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Bowery Boys Movie Club

Auntie Mame: The most glamorous lady on Beekman Place

In a bit of Super Bowl counter programming, we’ve just released an unusually eccentric episode of Bowery Boys Movie Club to the general Bowery Boys Podcast audience, exploring the 1958 comedy masterpiece Auntie Mame. New episodes of the Movie Club are exclusive to those who support us on Patreon. For current patrons, we’ve also just released a brand […]

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Bowery Boys Movie Club Podcasts

Ghostbusters: The Bowery Boys Movie Club explores New York’s slimiest supernatural comedy

EPISODE 344 We’ve now made our Bowery Boys Movie Club episode on the film Ghostbusters available for everyone. Listen to it today wherever you get your podcasts. This episode is brought to you by those who support the Bowery Boys Podcast on Patreon. Join us there to get additional episodes of the new Patreon-only Bowery Boys Movie Club — […]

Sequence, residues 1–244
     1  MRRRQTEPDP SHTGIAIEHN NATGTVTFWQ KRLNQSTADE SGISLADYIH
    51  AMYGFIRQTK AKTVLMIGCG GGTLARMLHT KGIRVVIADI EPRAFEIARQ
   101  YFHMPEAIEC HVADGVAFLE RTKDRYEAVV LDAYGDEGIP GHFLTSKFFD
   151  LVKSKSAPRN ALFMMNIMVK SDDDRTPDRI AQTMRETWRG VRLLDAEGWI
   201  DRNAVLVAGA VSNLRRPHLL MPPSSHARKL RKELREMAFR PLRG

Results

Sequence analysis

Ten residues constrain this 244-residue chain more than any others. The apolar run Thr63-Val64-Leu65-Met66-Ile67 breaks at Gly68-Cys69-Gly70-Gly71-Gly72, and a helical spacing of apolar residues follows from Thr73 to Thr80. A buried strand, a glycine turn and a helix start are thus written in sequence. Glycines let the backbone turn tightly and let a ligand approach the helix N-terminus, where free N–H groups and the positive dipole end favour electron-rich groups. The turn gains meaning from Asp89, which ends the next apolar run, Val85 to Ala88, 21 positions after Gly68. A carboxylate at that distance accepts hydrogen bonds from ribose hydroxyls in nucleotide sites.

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Amusements and Thrills Film History

Come to the Airdome! Over 100 years of outdoor movies in NYC

It may be some time before we all get to truly enjoy the inside of a movie theater again. Hopefully soon! But outdoor movies — in particular, drive-in movies — have had a bit of a renaissance, a socially distanced way to enjoy blockbusters on a big screen. Mommy Poppins has a great round-up of […]

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Bowery Boys Movie Club Podcasts

Midnight Cowboy: I’m Walkin’ Here! Celebrating a gritty New York film classic

We’ve now made our Bowery Boys Movie Club episode on the film Midnight Cowboy available for everyone. Listen to it today wherever you get your podcasts. Midnight Cowboy, released one month before the Stonewall Riots, depicts several alternative scenes that were thriving in New York City in the late 1960s — from wild psychedelic parties to the sleazy movie theaters […]

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Film History

The first film ever made outdoors in New York – May 4, 1895

Ever wonder what the very first movie ever shot in Manhattan was? It also happens to be the first American film ever shown to a paying movie audience.Woodville Latham and his sons Otway and Gray Latham had invented the Eidoloscope projector (also called the Pantoptikon), running very crudely like a film projector today. However its […]